Did not the hon. Member read further in the White Paper and realise that it envisages what he is speaking of but goes on to contemplate that a considerable subsidy would be necessary in connection with waterways operations?

Mr. Atkins

There is a considerable subsidy now being paid. What we hope is that the subsidy will gradually become smaller and eventually be extinguished because the new body will raise more revenue from other sources which the Transport Commission, with its eyes fixed on the transport problem, could not do in the past.

It is because of this change of ownership that we are worried about the proposals in the Bill. No one knows when the new authority will become the owner of the waterways, whether it will be this year, next year, or some later date. I suppose it is a reasonable guess that the Transport Commission will continue to own them for, perhaps, a couple of years The question we ask ourselves is this: is it right that, so shortly before it transfers the waterways system to another body, the Transport Commission should change the nature of its asset?

But for one thing, my answer would be a definite "No". The Commission ought to preserve the system as it is, handing it over intact to the new authority to leave the new authority to decide what it will do. The one contrary fact is that, as I understand it, all the proposals in the Bill have been scrutinised by the Inland Waterways Redevelopment Advisory Committee, a body set up by my right hon. Friend's predecessor which is independent both of him and of the Commission. I think I am right in saying that the Advisory Committee has reported that these proposals are in the best interests not just of the Commission but of the country as a whole. I would very much like my right hon. Friend to say whether this is so.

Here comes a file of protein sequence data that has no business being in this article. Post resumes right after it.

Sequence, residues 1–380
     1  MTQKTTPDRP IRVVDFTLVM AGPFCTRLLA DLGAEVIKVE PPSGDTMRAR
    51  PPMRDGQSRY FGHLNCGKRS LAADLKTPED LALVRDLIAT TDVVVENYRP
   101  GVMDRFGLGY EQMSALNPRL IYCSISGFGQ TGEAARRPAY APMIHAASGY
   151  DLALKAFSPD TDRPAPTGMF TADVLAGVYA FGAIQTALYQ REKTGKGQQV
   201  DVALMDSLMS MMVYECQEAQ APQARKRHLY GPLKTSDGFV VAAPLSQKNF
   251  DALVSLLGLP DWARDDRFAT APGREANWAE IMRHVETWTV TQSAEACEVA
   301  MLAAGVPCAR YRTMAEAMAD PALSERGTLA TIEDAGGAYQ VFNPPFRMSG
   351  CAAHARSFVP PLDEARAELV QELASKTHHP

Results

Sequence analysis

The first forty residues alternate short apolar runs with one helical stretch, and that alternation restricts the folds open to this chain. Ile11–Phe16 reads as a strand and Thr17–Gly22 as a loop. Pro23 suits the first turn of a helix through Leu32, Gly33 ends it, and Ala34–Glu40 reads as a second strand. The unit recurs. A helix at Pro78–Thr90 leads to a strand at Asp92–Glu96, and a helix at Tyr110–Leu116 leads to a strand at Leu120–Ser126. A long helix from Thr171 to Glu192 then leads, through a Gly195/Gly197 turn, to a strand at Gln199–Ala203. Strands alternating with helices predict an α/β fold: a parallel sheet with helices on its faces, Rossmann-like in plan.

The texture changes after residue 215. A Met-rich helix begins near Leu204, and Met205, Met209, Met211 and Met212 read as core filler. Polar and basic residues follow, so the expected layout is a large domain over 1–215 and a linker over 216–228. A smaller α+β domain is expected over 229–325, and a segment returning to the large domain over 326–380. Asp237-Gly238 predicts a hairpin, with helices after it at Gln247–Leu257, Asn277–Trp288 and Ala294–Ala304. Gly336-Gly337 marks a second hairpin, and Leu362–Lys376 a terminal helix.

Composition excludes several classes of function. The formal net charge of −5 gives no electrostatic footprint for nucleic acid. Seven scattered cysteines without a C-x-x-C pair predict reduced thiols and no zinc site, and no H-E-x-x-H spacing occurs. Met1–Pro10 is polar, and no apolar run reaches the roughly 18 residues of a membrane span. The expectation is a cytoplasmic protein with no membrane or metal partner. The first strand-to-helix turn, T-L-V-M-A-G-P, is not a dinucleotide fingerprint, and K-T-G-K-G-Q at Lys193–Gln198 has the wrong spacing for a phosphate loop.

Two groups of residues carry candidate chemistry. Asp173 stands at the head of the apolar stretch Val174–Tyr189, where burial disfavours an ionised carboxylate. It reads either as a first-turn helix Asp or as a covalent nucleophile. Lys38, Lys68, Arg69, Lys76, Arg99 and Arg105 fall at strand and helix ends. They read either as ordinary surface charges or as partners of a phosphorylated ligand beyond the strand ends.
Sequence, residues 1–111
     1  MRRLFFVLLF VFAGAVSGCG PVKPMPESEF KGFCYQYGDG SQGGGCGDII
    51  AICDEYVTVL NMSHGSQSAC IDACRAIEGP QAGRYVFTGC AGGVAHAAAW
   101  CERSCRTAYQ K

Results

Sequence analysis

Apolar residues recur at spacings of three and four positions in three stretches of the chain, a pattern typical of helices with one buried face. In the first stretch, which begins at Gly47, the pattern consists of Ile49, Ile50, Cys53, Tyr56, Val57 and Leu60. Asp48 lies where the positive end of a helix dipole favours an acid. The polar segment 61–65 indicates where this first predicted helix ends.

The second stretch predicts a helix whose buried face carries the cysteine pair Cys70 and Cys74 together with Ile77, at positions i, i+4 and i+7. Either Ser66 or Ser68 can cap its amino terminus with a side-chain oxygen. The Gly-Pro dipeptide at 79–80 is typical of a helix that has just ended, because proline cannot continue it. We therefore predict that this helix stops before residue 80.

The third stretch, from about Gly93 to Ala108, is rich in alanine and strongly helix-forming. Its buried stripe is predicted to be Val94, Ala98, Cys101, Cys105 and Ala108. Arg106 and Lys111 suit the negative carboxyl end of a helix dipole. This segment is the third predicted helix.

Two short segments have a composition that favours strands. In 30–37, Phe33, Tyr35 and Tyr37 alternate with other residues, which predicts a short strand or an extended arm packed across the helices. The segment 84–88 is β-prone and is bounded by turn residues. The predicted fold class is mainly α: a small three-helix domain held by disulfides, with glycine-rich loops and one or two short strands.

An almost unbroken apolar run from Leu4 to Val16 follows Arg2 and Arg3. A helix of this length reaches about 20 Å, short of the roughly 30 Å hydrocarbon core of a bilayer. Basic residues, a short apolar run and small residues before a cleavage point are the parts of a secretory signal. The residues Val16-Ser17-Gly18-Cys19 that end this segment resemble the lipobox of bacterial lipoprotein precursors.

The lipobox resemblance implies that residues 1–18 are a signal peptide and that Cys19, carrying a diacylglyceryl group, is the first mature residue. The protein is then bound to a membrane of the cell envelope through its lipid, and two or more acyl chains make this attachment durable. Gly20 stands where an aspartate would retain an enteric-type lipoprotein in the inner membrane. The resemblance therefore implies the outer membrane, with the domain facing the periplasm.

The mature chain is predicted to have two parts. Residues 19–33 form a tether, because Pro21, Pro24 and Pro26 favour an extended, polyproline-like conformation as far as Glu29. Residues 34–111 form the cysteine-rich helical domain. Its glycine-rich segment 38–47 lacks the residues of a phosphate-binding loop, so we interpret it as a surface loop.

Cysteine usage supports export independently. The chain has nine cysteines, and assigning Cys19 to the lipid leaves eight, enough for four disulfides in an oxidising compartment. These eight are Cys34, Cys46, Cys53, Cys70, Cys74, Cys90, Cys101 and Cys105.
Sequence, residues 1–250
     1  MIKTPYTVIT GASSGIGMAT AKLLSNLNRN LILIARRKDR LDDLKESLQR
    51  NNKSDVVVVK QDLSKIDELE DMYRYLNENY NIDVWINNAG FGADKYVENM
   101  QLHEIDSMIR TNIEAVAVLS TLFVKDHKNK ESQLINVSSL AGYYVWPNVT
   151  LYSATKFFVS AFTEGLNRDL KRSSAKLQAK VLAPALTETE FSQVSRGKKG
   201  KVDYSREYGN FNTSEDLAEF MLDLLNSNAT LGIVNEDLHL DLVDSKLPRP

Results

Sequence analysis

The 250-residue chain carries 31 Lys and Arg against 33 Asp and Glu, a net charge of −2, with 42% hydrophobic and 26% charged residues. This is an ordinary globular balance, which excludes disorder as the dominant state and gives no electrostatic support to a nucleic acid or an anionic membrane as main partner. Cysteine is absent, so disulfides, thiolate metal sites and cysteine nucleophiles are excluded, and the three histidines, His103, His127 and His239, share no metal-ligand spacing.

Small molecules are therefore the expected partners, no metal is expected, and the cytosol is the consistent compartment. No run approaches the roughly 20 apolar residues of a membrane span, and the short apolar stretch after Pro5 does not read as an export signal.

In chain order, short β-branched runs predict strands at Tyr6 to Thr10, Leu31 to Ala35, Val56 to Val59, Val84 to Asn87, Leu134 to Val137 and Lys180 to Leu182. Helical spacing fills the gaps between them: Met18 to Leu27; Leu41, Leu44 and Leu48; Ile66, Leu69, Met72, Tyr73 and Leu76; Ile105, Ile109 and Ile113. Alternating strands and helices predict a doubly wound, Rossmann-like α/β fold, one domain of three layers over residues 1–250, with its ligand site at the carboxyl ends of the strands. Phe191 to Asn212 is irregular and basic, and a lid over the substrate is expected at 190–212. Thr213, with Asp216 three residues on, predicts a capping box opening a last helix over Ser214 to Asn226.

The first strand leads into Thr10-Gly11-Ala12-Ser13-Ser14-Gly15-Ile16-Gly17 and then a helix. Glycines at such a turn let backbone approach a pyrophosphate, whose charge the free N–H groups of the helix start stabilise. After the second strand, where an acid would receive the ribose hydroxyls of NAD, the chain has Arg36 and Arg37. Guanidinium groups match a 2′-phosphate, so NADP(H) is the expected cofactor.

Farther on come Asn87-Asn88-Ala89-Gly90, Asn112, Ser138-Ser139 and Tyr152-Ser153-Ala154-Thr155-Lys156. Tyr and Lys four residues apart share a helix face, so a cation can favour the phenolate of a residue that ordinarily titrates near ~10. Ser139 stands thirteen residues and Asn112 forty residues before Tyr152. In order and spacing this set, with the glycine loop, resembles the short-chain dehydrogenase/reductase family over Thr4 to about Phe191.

Even if it is so, the possibility remains that the Inland Waterways Authority might take a view different from that taken by the Transport Commission or that taken by the parent committee. This is where I want my right hon. Friend's guidance. The proposals in the Bill are designed to extinguish the right of navigation over certain waterways. If they are allowed to pass and the Transport Commission or its successors wish to change their minds and restore navigation, can this be done without another Act of Parliament? I appreciate that a right to navigation cannot be given without an Act of Parliament. As things stand at the moment, if I present myself at one of these waterways in a boat and demand to be allowed through, the Transport Commission must let me go along whether it likes it or not. I am not asking for that position to be restored without an Act. Obviously, it could not be.